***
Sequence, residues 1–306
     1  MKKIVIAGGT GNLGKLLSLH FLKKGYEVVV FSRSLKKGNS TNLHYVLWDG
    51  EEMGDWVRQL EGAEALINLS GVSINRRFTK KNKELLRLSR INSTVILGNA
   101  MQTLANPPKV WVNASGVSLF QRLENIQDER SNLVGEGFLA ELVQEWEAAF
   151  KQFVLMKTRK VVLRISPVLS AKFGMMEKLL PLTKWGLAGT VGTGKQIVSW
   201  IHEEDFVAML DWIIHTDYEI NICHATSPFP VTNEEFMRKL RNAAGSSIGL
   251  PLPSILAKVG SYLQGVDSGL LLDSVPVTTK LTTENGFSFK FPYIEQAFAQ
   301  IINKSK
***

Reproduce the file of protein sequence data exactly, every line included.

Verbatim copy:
Sequence, residues 1–306
     1  MKKIVIAGGT GNLGKLLSLH FLKKGYEVVV FSRSLKKGNS TNLHYVLWDG
    51  EEMGDWVRQL EGAEALINLS GVSINRRFTK KNKELLRLSR INSTVILGNA
   101  MQTLANPPKV WVNASGVSLF QRLENIQDER SNLVGEGFLA ELVQEWEAAF
   151  KQFVLMKTRK VVLRISPVLS AKFGMMEKLL PLTKWGLAGT VGTGKQIVSW
   201  IHEEDFVAML DWIIHTDYEI NICHATSPFP VTNEEFMRKL RNAAGSSIGL
   251  PLPSILAKVG SYLQGVDSGL LLDSVPVTTK LTTENGFSFK FPYIEQAFAQ
   301  IINKSK